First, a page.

First principles investigation on the stabilization mechanisms of the polar copper terminated Cu2O(1 1 1) surface

Mazharul M. Islam, Boubakar Diawara, Vincent Maurice, Philippe Marcus

Research output: Contribution to journalArticlepeer-review

43 Citations (Scopus)

Abstract

The stabilization of the unstable, polar copper terminated Cu2O(1 1 1) surface by reconstruction and hydroxylation was studied theoretically with static and molecular dynamics calculations at ab initio density functional theory (DFT) level. Surface reconstruction was investigated using extensive finite temperature molecular dynamics (MD) combined with a simulated annealing technique. Both the global minimum energy structure obtained during annealing the system at higher temperature (300 K) and the final 'quenched' structure which was obtained after cooling the system to 0 K show the expected reconstruction of the adsorbate-free surface. The copper atoms in the first layer and oxygen atoms in the second and third layers are markedly displaced, and the atomic planes merge together to form a uniform mixed layer, thereby minimizing the polarity of the surface. Surface hydroxylation by adsorption of OH- or dissociated water was investigated using static optimization at 0 K. The results show that adsorption is exothermic and that the reconstruction characterizing the annealed OH-free surface does not occur in the presence of adsorbed OH. A surface coverage of 50% results in the surface structure that is the closest to the unrelaxed bulk terminated surface.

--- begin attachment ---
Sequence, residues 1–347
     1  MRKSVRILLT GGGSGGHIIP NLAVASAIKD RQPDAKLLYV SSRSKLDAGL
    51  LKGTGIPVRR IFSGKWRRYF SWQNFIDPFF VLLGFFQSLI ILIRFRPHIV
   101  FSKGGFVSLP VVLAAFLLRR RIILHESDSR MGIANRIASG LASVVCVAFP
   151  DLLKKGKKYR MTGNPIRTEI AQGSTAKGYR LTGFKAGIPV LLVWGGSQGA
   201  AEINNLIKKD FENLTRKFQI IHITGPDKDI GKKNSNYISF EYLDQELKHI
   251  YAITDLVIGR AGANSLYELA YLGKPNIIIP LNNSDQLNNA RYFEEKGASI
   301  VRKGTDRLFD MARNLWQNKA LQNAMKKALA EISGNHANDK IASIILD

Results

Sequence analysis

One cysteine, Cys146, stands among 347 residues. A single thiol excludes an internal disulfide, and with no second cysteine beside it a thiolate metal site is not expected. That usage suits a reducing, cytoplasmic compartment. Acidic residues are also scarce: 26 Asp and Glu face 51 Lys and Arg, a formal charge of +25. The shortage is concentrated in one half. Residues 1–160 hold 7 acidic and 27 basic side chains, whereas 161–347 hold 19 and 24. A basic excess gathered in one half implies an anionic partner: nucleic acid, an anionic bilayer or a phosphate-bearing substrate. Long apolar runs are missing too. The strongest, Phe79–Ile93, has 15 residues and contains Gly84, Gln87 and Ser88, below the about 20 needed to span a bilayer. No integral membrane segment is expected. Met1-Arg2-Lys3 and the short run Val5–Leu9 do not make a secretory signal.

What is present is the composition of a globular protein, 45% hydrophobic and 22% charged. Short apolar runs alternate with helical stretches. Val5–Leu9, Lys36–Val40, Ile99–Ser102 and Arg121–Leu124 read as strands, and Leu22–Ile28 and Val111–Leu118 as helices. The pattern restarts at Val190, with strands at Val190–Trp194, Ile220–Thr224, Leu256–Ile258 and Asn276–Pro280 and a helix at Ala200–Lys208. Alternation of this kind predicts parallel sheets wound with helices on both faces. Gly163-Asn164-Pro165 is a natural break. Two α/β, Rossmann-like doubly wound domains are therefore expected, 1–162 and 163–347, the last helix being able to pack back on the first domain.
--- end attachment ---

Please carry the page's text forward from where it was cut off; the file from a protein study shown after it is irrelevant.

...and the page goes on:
Original languageEnglish
Pages (from-to)2087-2095
Number of pages9
JournalSurface Science
Volume603
Issue number13
Early online date15 Apr 2009
DOIs
Publication statusPublished - 1 Jul 2009

Keywords

  • Copper oxide
  • Density functional theory
  • Hydroxylation
  • Molecular dynamics
  • Polar surfaces
  • Simulated annealing
  • Surface reconstruction

ASJC Scopus subject areas

  • Condensed Matter Physics
  • Surfaces and Interfaces
  • Surfaces, Coatings and Films
  • Materials Chemistry

Fingerprint Dive into the research topics of 'First principles investigation on the stabilization mechanisms of the polar copper terminated Cu<sub>2</sub>O(1 1 1) surface'. Together they form a unique fingerprint.

Cite this